• fresh chilies, sliced
  • extra-large vermicelli noodles (labeled for “bun bo”)
  • sliced cha lua (Vietnamese ham/pork roll); if you have trouble finding it and are up for another project, make your own


1. Fill Instant Pot with 2 liters water (or about 8 1/2 cups) and beef bones. Set to saute and bring to a boil (should take about 20 minutes) and boil bones for 15-20 minutes to remove impurities. Discard water, rinse the boiled bones and the pot to remove any scum, and place cleaned bones back into pot.

2. Remove outer layers and tough bottoms and tops of lemongrass. Discard or compost the trimmings, then use the back of a heavy knife or a mallet to smash stalks so they’ll infuse more flavor into the broth. Fold them in half if too long to fit into your pot (you can also tie the stalks together with kitchen twine if you have it, to make it easier to fish them out at the end). Add them to the Instant Pot.

3. Add the whole peeled red onion, peeled piece of pineapple, smashed ginger, Quoc Viet seasoning, rock sugar, and 2 tablespoons kosher salt to pot. Fill with fresh water to max line on Instant Pot.

4. Lock on lid, make sure valve is set to sealing, and set Instant Pot to manual high pressure for 30 minutes. When it’s done, protect your hand with a heavy oven mitt or kitchen towels, and turn valve to venting to quick release pressure.

5. Add the beef shank to the pot and submerge completely to prevent darkening. Cook for another 15 minutes on manual high pressure, then quick release.

6. Remove beef shank and thinly slice. Set aside.

7. Remove lemongrass, pineapple, onion, ginger, and bones from broth. Discard or compost them. Add enough water to bring the liquid level up to max line and taste for seasoning; adjust with salt (and/or fish sauce), shrimp paste, chile oil, and/or more sugar if necessary. The flavors should be balanced, but everything is also meant to be to your taste.

8. Boil vermicelli according to package directions, then drain and rinse in cold water to stop cooking. This also gives them a little bounce.

9. To assemble your bun bo hue, use tongs or a strainer to portion noodles into shallow bowls. Layer your desired protein (including the sliced beef shank and sliced Vietnamese ham, if using) and veggie garnishes (onions, cabbage, chilies, bean sprouts, scallions, and/or herbs) on top.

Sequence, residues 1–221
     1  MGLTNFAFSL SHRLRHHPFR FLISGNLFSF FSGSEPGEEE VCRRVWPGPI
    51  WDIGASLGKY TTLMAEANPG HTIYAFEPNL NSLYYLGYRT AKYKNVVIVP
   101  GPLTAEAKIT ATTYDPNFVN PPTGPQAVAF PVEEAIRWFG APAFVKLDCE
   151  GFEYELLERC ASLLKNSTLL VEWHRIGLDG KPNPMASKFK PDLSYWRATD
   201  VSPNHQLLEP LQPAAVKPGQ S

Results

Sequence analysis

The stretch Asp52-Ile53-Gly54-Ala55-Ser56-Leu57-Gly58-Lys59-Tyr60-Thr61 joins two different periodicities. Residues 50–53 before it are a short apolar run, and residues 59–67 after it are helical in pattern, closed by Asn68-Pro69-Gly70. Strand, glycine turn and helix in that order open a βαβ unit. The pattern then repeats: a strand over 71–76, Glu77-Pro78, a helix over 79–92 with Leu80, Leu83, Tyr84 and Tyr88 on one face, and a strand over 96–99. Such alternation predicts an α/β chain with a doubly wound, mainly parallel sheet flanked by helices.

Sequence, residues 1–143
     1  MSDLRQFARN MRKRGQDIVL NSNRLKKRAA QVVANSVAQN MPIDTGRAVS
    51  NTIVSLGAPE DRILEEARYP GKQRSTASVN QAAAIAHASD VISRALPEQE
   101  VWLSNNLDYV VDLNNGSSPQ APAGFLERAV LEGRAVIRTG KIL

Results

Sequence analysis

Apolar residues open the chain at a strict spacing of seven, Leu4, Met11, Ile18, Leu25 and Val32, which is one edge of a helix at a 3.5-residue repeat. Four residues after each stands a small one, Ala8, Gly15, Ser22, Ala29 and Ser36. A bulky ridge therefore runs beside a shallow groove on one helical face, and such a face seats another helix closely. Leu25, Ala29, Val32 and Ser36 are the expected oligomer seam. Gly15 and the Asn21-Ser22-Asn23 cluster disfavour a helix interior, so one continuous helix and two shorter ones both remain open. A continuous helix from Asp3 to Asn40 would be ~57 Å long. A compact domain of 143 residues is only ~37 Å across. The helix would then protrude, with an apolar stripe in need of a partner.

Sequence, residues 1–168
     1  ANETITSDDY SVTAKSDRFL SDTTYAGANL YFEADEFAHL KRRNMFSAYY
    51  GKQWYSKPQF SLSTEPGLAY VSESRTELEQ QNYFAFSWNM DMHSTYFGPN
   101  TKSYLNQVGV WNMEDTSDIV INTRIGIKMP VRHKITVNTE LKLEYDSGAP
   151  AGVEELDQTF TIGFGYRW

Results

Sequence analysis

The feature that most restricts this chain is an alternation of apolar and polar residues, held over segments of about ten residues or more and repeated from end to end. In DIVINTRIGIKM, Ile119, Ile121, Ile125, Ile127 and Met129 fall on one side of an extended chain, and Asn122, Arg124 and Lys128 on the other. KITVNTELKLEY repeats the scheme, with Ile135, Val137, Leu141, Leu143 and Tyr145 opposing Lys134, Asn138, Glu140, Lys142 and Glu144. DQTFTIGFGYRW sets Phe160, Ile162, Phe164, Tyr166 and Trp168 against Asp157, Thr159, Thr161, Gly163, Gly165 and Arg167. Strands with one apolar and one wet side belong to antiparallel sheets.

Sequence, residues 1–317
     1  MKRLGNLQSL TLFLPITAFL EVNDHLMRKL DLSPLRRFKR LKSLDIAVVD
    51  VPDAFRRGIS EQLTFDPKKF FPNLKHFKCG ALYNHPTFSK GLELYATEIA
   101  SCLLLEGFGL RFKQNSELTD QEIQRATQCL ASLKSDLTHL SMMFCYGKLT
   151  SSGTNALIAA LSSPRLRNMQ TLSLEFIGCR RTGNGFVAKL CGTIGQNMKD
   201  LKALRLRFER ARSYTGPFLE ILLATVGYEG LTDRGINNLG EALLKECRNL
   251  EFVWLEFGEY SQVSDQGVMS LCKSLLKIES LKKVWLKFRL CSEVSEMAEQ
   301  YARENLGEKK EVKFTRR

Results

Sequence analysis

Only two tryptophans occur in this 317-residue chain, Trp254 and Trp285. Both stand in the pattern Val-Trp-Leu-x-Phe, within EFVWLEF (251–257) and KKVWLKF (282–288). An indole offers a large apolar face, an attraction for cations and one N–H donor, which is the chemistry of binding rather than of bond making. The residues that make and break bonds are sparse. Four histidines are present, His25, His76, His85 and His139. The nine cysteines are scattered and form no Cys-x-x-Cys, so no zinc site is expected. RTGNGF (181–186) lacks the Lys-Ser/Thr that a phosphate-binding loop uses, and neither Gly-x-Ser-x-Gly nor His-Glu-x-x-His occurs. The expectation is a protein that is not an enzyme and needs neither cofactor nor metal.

10. Ladle the hot broth over each bowl. Serve with lime wedges.

If cooking on the stove, plan on simmering the bones to make the broth for several hours (add the beef shank in the last two hours, then remove, slice it, and set aside before you finish seasoning the broth).

  • Rubber mallet.
  • Wok. If you’re making the fresh garlic-lemongrass-paprika paste, a seasoned wok will help keep things moving while you saute the aromatics.
  • Good sharp knife. This style of Japanese knife makes precise slicing and dicing of meats and veggies easy (just watch your fingers).
  • Pride of India Natural Rock Sugar. Slightly less sweet than granulated sugar, add this a few pieces at a time to balance the flavors of your broth. Try it in other soups, sauces, and even tea too. Buy Now
  • Three Crabs Brand Fish Sauce. Use this to further adjust your broth for both salt and umami flavor. Buy Now
  • Sichuan Chili Crisp from Fly by Jing. Add a little spice to the broth—and offer on the side for anyone who desires more heat. Buy Now
  • Lee Kum Kee Fermented Shrimp Sauce. The jar says sauce, but this is the same as fermented shrimp paste, which adds a great savory note (don’t be scared of the pungent smell). Buy Now
  • Quoc Viet Foods Cot Bun Bo Hue Style Beef Flavored Soup Base. This concentrated bun bo hue soup base helps you get maximum flavor even when making a quick version of the dish. Buy Now
  • Quoc Viet Foods Vegetarian Hue Style Soup Base. If you want to make a veggie version, use this soup base in plain water (and omit the beef shank, fish sauce, and fermented shrimp paste from the recipe, of course). Buy Now
  • Asian Best Premium Rice Vermicelli. Look for larger rice noodles for this dish. Buy Now
  • Read more about bun rice noodles, including some specific brands to look for in Asian markets.